Muscle pain and tenderness, especially after an activity that stretches
or violently contracts the muscle. Pain usually increases when you move the
muscle, but it is relieved by rest. Local muscle swelling, black and blue
discoloration or both Either a decrease in muscle strength or (in a Grade
III strain) a complete loss of muscle function. difficulty moving, lifting,
or exercising, A pop in the muscle at the time of injury A gap, dent or
other defect in the normal outline of the muscle (Grade III strain)
Your doctor will want to know what activity triggered your muscle pain
and whether there was a pop in the muscle when you injured it. The doctor
also will ask about your symptoms, especially any decreased muscle strength
or difficulty in normal use of the muscle.
Your doctor may suspect that you have a strained muscle, based on your
symptoms and the history of your injury. To confirm a diagnosis, the doctor
will perform a physical examination. If the results of your exam point to
Grade I or II muscle strain, then usually you will not need any additional
testing. However, if the diagnosis is in doubt, X-rays or a magnetic
resonance imaging (MRI) scan may be necessary. Also, in calf muscle
injuries, Doppler studies may be done to check for a blood clot.
Most Grade I or Grade II strains begin to feel better within a few days.
In most cases, symptoms are either totally gone, or very much improved,
within eight to 10 weeks. Symptoms of a Grade III strain may persist until
the torn muscle is repaired surgically.
To help prevent muscle strains, you can:
Warm up before you participate in high-risk sports. Follow an exercise
program aimed at stretching and strengthening your injured or sore muscles.
Increase the intensity of your training program gradually. Never push
yourself too hard, too soon.
If you have a Grade I or Grade II strain, your doctor will probably
recommend that you follow the RICE rule:
Rest the injured muscle (take a temporary break from sports activities).
Ice the injured area to reduce swelling. Compress the muscle with an elastic
bandage. Elevate the injured leg. In addition, you can take a nonsteroidal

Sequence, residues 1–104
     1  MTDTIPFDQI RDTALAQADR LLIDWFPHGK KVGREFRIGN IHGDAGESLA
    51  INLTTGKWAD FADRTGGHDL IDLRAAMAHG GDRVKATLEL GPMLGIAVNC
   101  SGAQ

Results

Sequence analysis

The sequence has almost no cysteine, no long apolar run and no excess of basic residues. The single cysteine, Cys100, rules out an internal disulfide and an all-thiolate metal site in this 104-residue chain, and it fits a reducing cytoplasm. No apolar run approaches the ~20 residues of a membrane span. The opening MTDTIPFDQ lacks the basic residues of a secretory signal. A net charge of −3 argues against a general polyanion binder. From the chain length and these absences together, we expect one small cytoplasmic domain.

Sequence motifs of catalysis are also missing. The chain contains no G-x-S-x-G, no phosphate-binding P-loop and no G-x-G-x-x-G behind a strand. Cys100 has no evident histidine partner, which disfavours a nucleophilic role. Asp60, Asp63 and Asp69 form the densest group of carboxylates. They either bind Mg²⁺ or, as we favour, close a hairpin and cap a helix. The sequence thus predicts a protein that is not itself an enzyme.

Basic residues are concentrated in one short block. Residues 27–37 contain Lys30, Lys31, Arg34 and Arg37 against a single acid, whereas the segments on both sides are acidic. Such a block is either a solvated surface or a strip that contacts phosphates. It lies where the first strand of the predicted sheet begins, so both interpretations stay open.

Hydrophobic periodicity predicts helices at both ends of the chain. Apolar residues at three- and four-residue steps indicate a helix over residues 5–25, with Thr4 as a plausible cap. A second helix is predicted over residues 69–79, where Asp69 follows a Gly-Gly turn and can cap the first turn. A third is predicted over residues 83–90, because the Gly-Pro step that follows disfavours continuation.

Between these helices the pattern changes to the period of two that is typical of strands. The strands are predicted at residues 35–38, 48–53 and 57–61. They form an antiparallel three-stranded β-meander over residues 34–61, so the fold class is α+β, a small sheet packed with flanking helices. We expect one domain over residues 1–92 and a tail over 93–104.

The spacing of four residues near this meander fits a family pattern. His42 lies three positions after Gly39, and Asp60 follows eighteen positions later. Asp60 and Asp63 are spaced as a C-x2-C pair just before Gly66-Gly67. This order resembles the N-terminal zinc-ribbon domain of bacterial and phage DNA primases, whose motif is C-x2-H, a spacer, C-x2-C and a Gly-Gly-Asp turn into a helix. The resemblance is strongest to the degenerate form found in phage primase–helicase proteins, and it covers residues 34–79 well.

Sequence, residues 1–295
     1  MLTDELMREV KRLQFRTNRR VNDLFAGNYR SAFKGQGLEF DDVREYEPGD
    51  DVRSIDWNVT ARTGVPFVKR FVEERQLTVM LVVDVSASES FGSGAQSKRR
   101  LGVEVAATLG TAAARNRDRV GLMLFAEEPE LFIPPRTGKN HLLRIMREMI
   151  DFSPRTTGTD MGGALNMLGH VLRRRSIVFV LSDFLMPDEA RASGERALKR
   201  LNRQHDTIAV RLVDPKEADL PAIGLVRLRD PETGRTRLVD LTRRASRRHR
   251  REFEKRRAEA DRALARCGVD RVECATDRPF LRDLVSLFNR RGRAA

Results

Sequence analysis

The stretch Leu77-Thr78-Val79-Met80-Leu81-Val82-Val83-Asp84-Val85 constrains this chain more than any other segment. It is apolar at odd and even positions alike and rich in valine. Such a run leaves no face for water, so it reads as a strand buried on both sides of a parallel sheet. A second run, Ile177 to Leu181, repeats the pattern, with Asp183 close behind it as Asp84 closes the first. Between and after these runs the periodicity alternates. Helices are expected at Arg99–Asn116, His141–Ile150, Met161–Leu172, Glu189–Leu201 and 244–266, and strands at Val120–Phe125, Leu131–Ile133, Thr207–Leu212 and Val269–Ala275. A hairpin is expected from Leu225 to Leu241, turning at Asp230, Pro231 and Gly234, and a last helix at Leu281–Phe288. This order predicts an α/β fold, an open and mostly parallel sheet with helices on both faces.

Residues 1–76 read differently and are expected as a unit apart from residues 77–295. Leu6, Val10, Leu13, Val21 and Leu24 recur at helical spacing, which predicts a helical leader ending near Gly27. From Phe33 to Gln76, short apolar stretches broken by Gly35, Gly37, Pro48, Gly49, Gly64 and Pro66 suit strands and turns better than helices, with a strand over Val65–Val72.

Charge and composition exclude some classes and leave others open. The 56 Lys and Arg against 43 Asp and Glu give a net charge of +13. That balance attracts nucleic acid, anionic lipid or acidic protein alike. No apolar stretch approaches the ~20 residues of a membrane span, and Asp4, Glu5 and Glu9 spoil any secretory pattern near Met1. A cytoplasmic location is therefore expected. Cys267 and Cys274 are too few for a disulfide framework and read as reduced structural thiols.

anti-inflammatory drug (NSAID), such as ibuprofen (Advil, Motrin and other
brand names) or aspirin, to ease pain and relieve swelling. As pain
gradually subsides, your doctor may recommend a rehabilitation program to
restore the normal range of motion in your leg and to gradually strengthen
the injured muscle.
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For many Grade II strains, evaluation by a specialist, such as an
orthopedist, will be appropriate. To allow the injured muscle to heal, you
may need to wear a cast for a number of weeks.
If you have a Grade III strain the torn muscle may need to be repaired
surgically by an orthopedic specialist. One exception is a Grade III
plantaris strain, which usually is treated without surgery.
When To Call A Professional
Call your doctor promptly if:
You hear or feel a pop in your muscle at the time of injury You have
severe pain, swelling or discoloration in the injured muscle Your injured
muscle is obviously weak compared to your opposing uninjured muscle. You
have muscle pain You have milder muscle symptoms that do not improve after
Muscle Injury Prognosis
The prognosis depends on the location and severity of the muscle strain.
In general, almost all Grade I strains heal within a few weeks, whereas
Grade II strains may take two to three months. After surgery to repair a
Grade III strain, most patients regain normal leg muscle function after
several months of rehabilitation.